Oral Related Cancer Cases Increase
During 2007–2016, the incidence of cancers of the oral cavity and pharynx increased, despite decreases in several anatomic sites, including the nasopharynx, hypopharynx, lip, and the floor of the mouth.
According to this study published by the Centers for Disease Control and Prevention (CDC) on April 17, 2020, the overall increase appears to be driven by increases in cancers of the tonsil, base of tongue, oropharynx, and other cancers of the oral cavity and pharynx.
These cancers are associated with Human Papillomavirus (HPV), as well as by those of gum and anterior tongue.
By age group, rates for all cancers of the oral cavity and pharynx combined increased among persons aged 50–79 years, decreased among those aged 40–49 years, and were stable among those aged between 20–39 and over 80 years of age.
The continued declines in tobacco use might have contributed to the decreases observed in some sites.
Population-based tobacco control measures are proven to prevent tobacco use initiation and promote smoking cessation, but they are not implemented equally in all U.S. states and communities.
To reduce the risk for cancers of the oral cavity and pharynx, which account for about 3 percent of cancers diagnosed annually in the USA, communities might benefit from a broader application of evidence-based interventions and targeted efforts among groups with a high prevalence of tobacco and alcohol use or high cancer rates.
A previous study found rates of oropharyngeal squamous cell cancers increased the most among white men compared with other racial/ethnic groups.
Differences in sexual behavior might account for the higher rate; compared with other racial/ethnic groups.
White men report an earlier age at oral sex initiation and have a higher number of oral sex partners, which have been shown to be risk factors for exposure to HPV infection.
HPV is the most common sexually transmitted infection in the USA, and persistent infection with certain types of the virus can cause cancer. About 14 million people, including teens, become infected with HPV each year.
Furthermore, public health efforts that focus on increasing HPV vaccination are an essential component of cancer prevention.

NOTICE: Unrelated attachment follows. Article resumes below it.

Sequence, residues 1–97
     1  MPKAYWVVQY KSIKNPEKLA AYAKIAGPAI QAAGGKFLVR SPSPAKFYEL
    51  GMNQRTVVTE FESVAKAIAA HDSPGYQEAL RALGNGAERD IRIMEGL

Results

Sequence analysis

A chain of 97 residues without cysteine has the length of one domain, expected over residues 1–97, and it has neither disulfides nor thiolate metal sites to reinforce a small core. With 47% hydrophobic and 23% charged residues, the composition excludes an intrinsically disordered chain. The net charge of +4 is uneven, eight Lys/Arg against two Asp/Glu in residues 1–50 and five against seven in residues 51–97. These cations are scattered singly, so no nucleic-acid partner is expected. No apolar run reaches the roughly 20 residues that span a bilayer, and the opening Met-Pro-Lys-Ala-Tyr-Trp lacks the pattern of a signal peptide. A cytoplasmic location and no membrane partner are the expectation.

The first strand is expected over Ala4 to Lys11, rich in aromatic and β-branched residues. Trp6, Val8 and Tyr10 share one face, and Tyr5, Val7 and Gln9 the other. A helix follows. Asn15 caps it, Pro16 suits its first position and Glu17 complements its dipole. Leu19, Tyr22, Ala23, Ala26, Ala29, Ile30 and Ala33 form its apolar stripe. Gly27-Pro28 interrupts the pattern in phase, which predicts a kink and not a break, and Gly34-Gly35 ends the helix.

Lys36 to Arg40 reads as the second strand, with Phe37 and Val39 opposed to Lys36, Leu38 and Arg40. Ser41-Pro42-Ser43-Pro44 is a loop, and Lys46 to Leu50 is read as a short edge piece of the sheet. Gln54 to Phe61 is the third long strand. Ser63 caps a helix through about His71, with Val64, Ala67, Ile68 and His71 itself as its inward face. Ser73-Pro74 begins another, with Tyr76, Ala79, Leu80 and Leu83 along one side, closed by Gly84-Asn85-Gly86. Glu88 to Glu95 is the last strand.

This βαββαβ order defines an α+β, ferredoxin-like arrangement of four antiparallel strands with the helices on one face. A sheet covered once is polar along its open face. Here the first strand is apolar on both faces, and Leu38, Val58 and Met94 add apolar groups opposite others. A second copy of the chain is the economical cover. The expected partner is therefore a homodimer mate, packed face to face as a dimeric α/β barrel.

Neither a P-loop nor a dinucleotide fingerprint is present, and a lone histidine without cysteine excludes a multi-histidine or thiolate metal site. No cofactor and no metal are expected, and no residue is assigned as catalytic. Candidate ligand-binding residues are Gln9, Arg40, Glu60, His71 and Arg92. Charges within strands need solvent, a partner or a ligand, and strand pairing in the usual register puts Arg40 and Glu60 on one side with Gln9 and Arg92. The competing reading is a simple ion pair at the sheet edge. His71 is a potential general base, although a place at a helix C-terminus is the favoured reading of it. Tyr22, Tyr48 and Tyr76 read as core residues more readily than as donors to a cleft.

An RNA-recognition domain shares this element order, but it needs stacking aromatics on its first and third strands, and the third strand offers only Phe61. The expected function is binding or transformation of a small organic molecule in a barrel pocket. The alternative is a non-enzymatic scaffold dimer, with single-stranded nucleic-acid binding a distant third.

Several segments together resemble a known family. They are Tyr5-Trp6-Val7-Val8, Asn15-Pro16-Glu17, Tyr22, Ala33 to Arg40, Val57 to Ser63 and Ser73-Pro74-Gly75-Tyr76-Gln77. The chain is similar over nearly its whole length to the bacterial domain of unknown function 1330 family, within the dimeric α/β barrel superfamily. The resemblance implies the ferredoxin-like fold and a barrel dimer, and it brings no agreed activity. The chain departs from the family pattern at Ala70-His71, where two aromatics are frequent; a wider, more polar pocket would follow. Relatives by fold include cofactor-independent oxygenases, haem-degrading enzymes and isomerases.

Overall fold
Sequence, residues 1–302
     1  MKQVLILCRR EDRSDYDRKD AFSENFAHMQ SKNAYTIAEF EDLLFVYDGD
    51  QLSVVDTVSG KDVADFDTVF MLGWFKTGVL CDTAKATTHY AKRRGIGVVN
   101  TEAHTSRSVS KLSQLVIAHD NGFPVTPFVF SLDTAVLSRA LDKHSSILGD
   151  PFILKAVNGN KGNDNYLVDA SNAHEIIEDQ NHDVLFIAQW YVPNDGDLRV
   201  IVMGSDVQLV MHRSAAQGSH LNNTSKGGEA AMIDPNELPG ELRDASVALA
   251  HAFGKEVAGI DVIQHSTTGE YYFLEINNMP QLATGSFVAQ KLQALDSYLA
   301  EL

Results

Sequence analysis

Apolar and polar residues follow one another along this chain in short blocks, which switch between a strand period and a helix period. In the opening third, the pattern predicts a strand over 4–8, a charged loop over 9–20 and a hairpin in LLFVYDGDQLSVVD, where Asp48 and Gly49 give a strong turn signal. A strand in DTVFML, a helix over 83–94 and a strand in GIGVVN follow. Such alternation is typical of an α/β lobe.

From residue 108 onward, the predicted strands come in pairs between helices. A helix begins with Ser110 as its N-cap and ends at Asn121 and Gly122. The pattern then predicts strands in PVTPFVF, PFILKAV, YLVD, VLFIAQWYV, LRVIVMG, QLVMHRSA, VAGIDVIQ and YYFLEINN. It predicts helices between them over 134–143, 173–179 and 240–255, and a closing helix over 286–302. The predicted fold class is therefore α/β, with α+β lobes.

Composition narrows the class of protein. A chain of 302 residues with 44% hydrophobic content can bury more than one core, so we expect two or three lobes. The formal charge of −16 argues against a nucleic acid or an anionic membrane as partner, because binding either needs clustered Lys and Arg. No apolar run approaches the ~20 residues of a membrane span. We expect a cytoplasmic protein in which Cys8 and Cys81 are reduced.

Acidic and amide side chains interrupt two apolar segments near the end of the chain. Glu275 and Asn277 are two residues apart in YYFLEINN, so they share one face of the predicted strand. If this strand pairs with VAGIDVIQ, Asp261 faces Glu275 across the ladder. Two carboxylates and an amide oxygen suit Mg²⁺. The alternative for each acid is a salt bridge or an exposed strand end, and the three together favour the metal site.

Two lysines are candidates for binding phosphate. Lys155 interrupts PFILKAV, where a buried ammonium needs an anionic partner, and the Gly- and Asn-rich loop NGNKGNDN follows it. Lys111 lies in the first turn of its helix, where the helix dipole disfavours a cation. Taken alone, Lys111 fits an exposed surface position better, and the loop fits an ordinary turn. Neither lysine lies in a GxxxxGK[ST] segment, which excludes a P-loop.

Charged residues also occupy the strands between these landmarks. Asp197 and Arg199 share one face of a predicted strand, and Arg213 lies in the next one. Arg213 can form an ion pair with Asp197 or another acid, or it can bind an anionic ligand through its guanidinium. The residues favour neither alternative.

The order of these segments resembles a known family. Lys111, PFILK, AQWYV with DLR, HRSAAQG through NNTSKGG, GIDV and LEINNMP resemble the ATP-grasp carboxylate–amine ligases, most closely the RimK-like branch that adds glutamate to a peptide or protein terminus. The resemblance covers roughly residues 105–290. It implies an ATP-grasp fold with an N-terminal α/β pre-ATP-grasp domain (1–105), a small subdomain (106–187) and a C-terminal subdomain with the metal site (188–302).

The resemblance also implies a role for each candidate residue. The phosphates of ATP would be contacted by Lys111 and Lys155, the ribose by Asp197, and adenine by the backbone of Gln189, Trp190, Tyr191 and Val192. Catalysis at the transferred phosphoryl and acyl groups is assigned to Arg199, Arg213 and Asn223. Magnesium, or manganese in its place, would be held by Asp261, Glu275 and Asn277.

Routine HPV vaccination is recommended for all persons at age 11 or 12 years, with catch-up vaccination through age 26 years.
Recently, a study published by researchers at The University of Texas Medical Branch at Galveston indicates that just 1-dose of a HPV vaccine is as effective as multiple vaccinations for preventing pre-invasive cervical disease.
The CDC’s National Comprehensive Cancer Control Program supports cancer prevention efforts in all 50 states, the District of Columbia, tribal organizations, and U.S. territories; and, in collaboration with CDC’s National Center for Immunization and Respiratory Diseases, support activities to promote and provide access to HPV vaccine.
Note: There are no data on the efficacy of HPV vaccination on oral cavity and pharyngeal cancers from clinical trials. However, these cancers are caused by HPV types that are targeted by available vaccines.
The findings in this report are subject to at least three limitations.
- First, delays in cancer reporting might result in an underestimate of incidence.
- Second, cancer registries do not routinely collect or report information about risk factors such as HPV infection, tobacco use, or alcohol use, so it was not possible to determine whether cancers occurred in persons exposed to these risk factors.
- Finally, because of the complexity of this anatomic region and potential difficulty in determining precisely where cancer originated, the anatomic site for some cases might have been incorrectly classified.
All vaccines used in the USA, including HPV vaccines, are required to go through years of extensive safety testing before they are licensed by the U.S. Food and Drug Administration.
The Gardasil 9 vaccine consists of HPV proteins, Types 6, 11, 16, 18, 31, 33, 45, 52, and 58, amorphous aluminum hydroxyphosphate sulfate, yeast protein, sodium chloride, L-histidine, Polysorbate 80, sodium borate, and water for injection.
These researchers did not disclose any industry conflicts of interest.
HPV vaccine news published by Precision Vaccinations.